I blog in two spheres that are overwhelmingly dominated by men--beer and politics. Politics, like sports, has a strongly macho competitive element that attracts men. But with beer, it seems mainly a cultural issue. In America, anyway, men drink beer, and women drink wine. Somehow, the qualities of beer have become symbolic of manhood--it's working-class, unsophisticated, canned. Wine, with its sensual sweetness, its deep color, the curvy, feminine glass its served in--obviously feminine. (Could the fact that men drink wine support American mistrust of the French? Hmmm.) It probably doesn't hurt that until craft brewing came along, drinking beer was a kind of test of endurance.
Craft brewing abetted these stereotypes in its early years by falling for the foolsgold of "crossover beers." These were light, sometimes fruity, generally insipid beers that early brewers thought could coax drinkers away from their Hamms. The success of Widmer Hefeweizen, McMenamins Ruby Tuesday (as it was called before the lawsuit), Pyramid Apricot Ale, and Saxer Lemon Lager seemed to confirm this. Back in the late 80s and early 90s, as craft brewing was just taking root, these beers were disparaged as "chick beers." They seemed suspicious, as if harboring an innate femininity men feared. (The were also, of course, light and uninteresting, more reasons to shun them.)
You don't really hear that anymore. Go to a brewpub, and you see men and women in roughly equal proportions. A few weeks ago, I was at the Green Dragon, and two couples came in, one with their toddler, and sat at the table next to us. Dad had a light beer and mom ordered an imperial stout. Dad minded the daughter while mom--clearly the beer geek in the family--minded her stout. Two weeks ago, I sat next to two gray-haired ladies at Hopworks. They each had pints of IPA. There is no longer chick beer. There is just beer.
I don't doubt that the culture at the campus level is still beer-fueled masculinity. But in the circles I frequent, we seem to have acheived full suffrage. Among beer writers, we have Lisa Morrison, the Beer Goddess and Suds Sister. Morrison was one of the first women to break into the mens' club, and now she spreads the faith, teaching a course on beer appreciation for women. Two women, Megan Flynn and Annalou Vincent, are the bodies behind Beer Northwest.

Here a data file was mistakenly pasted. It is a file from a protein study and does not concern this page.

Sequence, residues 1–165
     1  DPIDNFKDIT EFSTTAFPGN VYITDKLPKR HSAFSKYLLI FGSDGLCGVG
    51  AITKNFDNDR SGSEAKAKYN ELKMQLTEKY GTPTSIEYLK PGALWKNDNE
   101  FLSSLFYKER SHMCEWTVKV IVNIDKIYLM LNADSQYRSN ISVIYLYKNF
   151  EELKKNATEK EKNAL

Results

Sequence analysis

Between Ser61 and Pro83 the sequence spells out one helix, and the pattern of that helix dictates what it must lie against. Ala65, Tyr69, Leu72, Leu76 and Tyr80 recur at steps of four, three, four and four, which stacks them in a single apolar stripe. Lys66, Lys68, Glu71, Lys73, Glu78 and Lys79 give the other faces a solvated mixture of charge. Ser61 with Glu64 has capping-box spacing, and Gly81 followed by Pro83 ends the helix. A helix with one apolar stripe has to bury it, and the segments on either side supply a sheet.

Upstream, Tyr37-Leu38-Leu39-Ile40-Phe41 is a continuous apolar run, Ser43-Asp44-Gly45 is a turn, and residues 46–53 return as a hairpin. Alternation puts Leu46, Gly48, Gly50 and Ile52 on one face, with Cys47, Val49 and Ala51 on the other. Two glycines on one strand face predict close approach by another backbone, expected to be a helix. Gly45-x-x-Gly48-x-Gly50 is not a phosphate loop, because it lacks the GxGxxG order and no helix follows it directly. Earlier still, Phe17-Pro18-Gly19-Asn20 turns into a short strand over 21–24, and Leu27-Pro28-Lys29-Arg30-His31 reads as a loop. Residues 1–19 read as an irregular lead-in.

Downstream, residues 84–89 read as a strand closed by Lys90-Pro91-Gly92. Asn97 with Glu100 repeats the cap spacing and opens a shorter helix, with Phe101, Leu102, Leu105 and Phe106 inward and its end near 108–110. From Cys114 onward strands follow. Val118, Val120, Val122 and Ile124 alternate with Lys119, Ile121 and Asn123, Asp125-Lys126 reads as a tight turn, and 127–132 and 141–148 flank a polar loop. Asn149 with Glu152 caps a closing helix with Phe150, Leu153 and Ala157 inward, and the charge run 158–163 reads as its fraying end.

Women are not nearly as well-represented in brewing, but perhaps that's changing. (Actually, the stats are still dismal; women probably represent less than 2% of all brewers in the country.) Oregon may be doing better than most. Teri Fahrendorf, an early pioneer in craft brewing, not to mention female brewing, has formed a society for women brewers called the Pink Boots Society. And yesterday I mentioned Tonya Cornett, the Bend Brewer recently cited by the World Beer Cup as "Champion Brewer." There are others working as assistants, and Abby Sherrill is moving into a leadership role now that Dave Fleming has left the Lucky Lab. The upshot is that things are changing even on the brewing side of things.
This is all very good news for Oregon brewing. In terms of numbers, it's obviously good for the market--doubling your target audience is a good thing. But it's also good for the culture that supports Oregon's scores of breweries. The more beer becomes a regular element of living, the more it becomes something native and iconic, like the "cuppa" in England, Italian espresso, or a pint of plain in Dublin. Soon, it could be that a Portland meal without a beer is akin to a Parisian meal without a glass of wine.
What, no IPA? Sacre bleu!